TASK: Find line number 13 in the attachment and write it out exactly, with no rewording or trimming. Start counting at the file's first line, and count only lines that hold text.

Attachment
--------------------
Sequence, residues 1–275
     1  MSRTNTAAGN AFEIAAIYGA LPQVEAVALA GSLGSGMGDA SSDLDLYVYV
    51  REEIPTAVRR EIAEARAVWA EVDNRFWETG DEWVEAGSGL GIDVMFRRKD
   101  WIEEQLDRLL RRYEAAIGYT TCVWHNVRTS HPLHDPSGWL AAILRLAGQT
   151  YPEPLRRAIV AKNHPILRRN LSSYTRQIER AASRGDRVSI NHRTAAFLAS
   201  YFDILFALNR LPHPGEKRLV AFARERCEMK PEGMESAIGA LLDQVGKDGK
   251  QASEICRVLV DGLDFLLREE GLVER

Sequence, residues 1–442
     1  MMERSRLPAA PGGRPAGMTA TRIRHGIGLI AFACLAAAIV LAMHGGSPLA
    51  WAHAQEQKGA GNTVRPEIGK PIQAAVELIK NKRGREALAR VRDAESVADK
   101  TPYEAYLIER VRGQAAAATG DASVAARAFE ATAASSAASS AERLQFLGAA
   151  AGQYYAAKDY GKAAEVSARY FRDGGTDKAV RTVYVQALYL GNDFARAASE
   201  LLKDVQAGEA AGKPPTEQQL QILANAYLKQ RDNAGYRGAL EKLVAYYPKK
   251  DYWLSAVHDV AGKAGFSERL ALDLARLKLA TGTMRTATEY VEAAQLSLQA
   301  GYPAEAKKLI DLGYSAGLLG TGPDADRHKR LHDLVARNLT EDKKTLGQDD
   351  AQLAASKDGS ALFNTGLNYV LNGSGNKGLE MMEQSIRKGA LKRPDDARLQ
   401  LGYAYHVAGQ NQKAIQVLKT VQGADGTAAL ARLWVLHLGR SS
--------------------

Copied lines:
   201  LLKDVQAGEA AGKPPTEQQL QILANAYLKQ RDNAGYRGAL EKLVAYYPKK